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Jailing of opposition figures over protests is violation of international law

16 Apr

Jailing of opposition figures over protests is violation of international law

Responding to the sentencing of nine Hong Kong pro-democracy activists to between eight and 18 months in prison for taking part in an “unauthorized” protest in August 2019, Amnesty International’s Asia-Pacific Regional Director Yamini Mishra said:  

“The wrongful prosecution, conviction and sentencing of these activists underlines the Hong Kong government’s intention to eliminate all political opposition in the city.   

“Having arrested the majority of Hong Kong’s most prominent dissidents using the repressive national security law, the authorities are now mopping up remaining peaceful critics under the pretext of bogus charges related to the 2019 protests.   

Nine Hong Kong pro-democracy activists to between eight and 18 months in prison for taking part in an “unauthorized” protest in August 2019. Source: NOW News

“These convictions are a violation of international law, which states that participating in and organizing peaceful assemblies does not require prior permission by the state. Nor does failure to notify the authorities about an assembly make it unlawful to take part in it. The prosecution’s case against these activists is simply not tenable.  

“The Hong Kong authorities must stop bringing unwarranted criminal charges against those who have peacefully exercised their rights to freedom of expression and assembly. All those sentenced today should be immediately released and their record expunged.”  

Background   

Nine pro-democracy activists were sentenced this morning to between eight to 18 months in prison for organizing and participating in an “unauthorized” protest on 18 August 2019. Two of those convicted, plus one other former opposition lawmaker, will also be sentenced later today over their roles in a separate demonstration on 31 August 2019.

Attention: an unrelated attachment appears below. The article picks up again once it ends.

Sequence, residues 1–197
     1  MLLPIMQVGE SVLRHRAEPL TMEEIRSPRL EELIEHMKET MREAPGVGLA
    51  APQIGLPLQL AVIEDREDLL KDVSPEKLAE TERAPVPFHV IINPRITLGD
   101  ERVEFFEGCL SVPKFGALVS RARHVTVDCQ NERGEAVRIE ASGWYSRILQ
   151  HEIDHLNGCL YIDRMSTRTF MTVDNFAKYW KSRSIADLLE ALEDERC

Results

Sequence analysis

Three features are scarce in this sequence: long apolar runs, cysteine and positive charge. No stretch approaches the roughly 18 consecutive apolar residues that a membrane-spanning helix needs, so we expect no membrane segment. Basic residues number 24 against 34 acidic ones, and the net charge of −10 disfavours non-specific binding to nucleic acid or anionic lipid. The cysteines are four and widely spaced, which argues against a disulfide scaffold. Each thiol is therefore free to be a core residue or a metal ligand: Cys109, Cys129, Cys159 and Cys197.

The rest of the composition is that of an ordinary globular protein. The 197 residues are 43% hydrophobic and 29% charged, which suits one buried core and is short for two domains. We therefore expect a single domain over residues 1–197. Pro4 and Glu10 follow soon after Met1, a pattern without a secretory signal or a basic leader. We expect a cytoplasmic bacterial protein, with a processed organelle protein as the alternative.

They were part of a series of mass protests triggered by the so-called Extradition Bill proposed early that year. As protests against the bill became more frequent and larger in 2019, the Hong Kong police adopted a tougher approach to restricting public assemblies, ranging from revoking “notices of no objection” for marches to banning protests outright on the grounds of “public security concerns”.

An estimated 1.7 million people took part in a peaceful march on 18 August 2019, defying police orders to confine the gathering to a stationary rally in Victoria Park near the city centre. 

Hundreds of thousands of people again took to the streets on 31 August 2019, defying a total ban by the police and despite organizers calling off the protest. The latter demonstration was largely peaceful but ended in clashes between police and protesters, some of whom threw bricks and petrol bombs.

Hundreds of thousands of people again took to the streets on 31 August 2019, defying a total ban by the police and despite organizers calling off the protest. Source: SCMP

Three of those sentenced today, newspaper owner Jimmy Lai and former lawmakers Au Nok-Hin and Leung Kwok-hung, are also facing prosecution under Hong Kong’s national security law, which was enacted on 30 June 2020 and has since been used to systematically crack down on human rights.  

The others sentenced were former legislators and activists Martin Lee, Lee Cheuk-yan, Leung Yiu-chung, Margaret Ng, Cyd Ho Sau-lan and Albert Ho Chun-yan.   

Jimmy Lai and Lee Cheuk-yan, plus fellow activist Yeung Sum, face sentencing this afternoon over the 31 August protest.  

Newspaper owner Jimmy Lai is also facing prosecution under Hong Kong’s national security law. Source: NOW News

These prosecutions are based on the Public Order Ordinance, the provisions and application of which fail to meet international human rights law and standards on the right to peaceful assembly. The UN Human Rights Committee has repeatedly expressed concern that the application of “unlawful assembly” against Hong Kong protesters risks violating their human rights.  

According to Articles 14–15 of Hong Kong’s Public Order Ordinance, those wishing to organize a protest are required to obtain a “notice of no objection” from the police before an assembly may proceed. Police have the power to prohibit public gatherings or impose requirements or conditions on public gatherings where the police “reasonably consider it necessary in the interest of national security or public safety, public order or for the protection of the rights and freedom of others”.  

International human rights law stipulates that anyone who wishes to hold a demonstration should be able to do so without requiring permission or authorization from the authorities.  

Amnesty International has long called for relevant provisions of the Public Order Ordinance to be amended to bring it in line with Hong Kong’s obligations under international human rights law.   

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